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Critical analysis of “Bird on the Wire” by Leonard Cohen

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Leonard Cohen has had a long and illustrious career as a poet and a songwriter. The Canadian songwriter has written many popular songs, and we all have at least one of his tunes stored up in the recesses of our minds. However, there are a certain few of Cohen’s that stand above the rest. Songs that were hits, and songs that in fact helped shape the period of time they were created in. “Suzanne”, “Bird on the Wire”, and “So Long, Marianne” are a couple of these elite creations of Cohen’s mind. During this paper I will be analyzing the song “Bird on the Wire”, interpreting its meaning and explaining what it is saying. This song was one of Cohen’s most famous songs, and was very influential during the ’60’s- a time of turmoil and unrest. It has been covered by more artists, including Johnny Cash, than any of his other songs, and it is a prime example of Cohen’s signature style. The song is separated into two large sections, but after reading and thinking about it, you realize there are really six small sections to it.

The poem opens by giving you a first impression about the person speaking throughout the song. Lines 1-3 of the first stanza show the speaker trying to escape his problems, so that he can be “free”. He wants to be “Like a bird on the wire” (L1), meaning he wants to be able to sit above and away from his problems. He also alludes to becoming “Like a drunk in a midnight choir”. A drunk is able to escape his worries and be carefree through drinking. The “midnight choir”, refers to all the people drinking, partying and making noise at night.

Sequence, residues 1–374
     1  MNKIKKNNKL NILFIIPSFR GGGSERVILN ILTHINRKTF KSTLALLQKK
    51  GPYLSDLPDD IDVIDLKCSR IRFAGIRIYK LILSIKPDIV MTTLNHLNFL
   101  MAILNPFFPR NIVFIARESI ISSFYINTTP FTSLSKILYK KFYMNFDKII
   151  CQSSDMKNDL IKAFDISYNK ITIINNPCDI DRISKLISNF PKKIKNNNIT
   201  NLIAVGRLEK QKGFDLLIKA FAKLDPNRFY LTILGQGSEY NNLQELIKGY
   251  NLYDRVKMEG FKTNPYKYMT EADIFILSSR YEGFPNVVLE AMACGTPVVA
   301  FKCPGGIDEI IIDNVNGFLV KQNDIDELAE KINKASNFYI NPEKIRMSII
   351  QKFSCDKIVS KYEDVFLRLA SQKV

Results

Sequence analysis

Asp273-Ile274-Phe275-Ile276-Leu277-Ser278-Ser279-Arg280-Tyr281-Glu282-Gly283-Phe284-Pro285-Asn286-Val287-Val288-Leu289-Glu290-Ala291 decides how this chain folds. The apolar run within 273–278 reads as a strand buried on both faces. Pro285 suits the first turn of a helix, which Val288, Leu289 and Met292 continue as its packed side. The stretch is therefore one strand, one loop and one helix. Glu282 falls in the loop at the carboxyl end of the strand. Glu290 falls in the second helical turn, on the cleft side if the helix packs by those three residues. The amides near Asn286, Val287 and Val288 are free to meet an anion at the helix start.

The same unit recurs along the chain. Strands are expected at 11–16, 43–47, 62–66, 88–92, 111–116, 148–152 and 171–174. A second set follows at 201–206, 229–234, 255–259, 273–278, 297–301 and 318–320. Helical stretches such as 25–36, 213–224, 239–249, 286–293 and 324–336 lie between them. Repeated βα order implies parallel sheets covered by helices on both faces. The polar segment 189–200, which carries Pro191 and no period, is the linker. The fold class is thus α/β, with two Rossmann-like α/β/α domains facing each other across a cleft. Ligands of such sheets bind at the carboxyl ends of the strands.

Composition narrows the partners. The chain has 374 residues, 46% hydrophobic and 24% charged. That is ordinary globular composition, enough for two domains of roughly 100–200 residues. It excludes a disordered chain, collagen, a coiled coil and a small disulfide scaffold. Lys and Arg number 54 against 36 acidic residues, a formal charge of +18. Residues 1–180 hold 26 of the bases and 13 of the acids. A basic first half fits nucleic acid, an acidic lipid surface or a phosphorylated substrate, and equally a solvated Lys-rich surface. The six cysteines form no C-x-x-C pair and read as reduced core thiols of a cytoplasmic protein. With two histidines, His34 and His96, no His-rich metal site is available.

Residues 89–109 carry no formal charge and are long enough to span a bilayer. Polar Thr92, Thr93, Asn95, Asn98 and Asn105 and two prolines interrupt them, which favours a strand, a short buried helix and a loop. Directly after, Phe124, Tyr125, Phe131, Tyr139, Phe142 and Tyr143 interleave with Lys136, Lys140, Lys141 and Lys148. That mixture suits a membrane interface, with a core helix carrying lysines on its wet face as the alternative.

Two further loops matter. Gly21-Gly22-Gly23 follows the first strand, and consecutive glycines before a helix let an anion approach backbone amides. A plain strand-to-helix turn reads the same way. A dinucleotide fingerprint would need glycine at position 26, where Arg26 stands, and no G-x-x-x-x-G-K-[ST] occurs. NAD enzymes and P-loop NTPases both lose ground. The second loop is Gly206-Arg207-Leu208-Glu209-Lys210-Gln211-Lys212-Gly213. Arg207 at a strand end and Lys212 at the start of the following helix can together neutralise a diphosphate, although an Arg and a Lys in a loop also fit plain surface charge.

This section is important to the poem because it helps you realize the situation and feelings of the speaker. This section also uses good imagery through allusions, such as “bird on the wire”, and “drunk in the midnight choir”.

After highlighting the speaker’s situation, Cohen introduces another character. Lines 4-6 show how the speaker has given everything to this person (“I have saved all my ribbons for thee” (L6)), whom the speaker loves.

This section uses excellent imagery through symbolism. Line 4, “Like a worm on a hook”, and line 5, “like a knight from some old-fashioned book”, are excellent allusions showing how the speaker is going to give everything he has earned and captured, just like a worm captures a fish, and a knight captures trophies.

Having introduced the object of the speaker’s affection, Cohen develops more of the relationship. Lines 7-10 show an apology from the speaker to this other person. The speaker says “if I have been unkind”, then “I hope you can just let it go by”

(L7/8). This section is important, because it shows the conflict between the speaker and this other person, and it also gives you a hint to the cause of his problems he is trying to escape.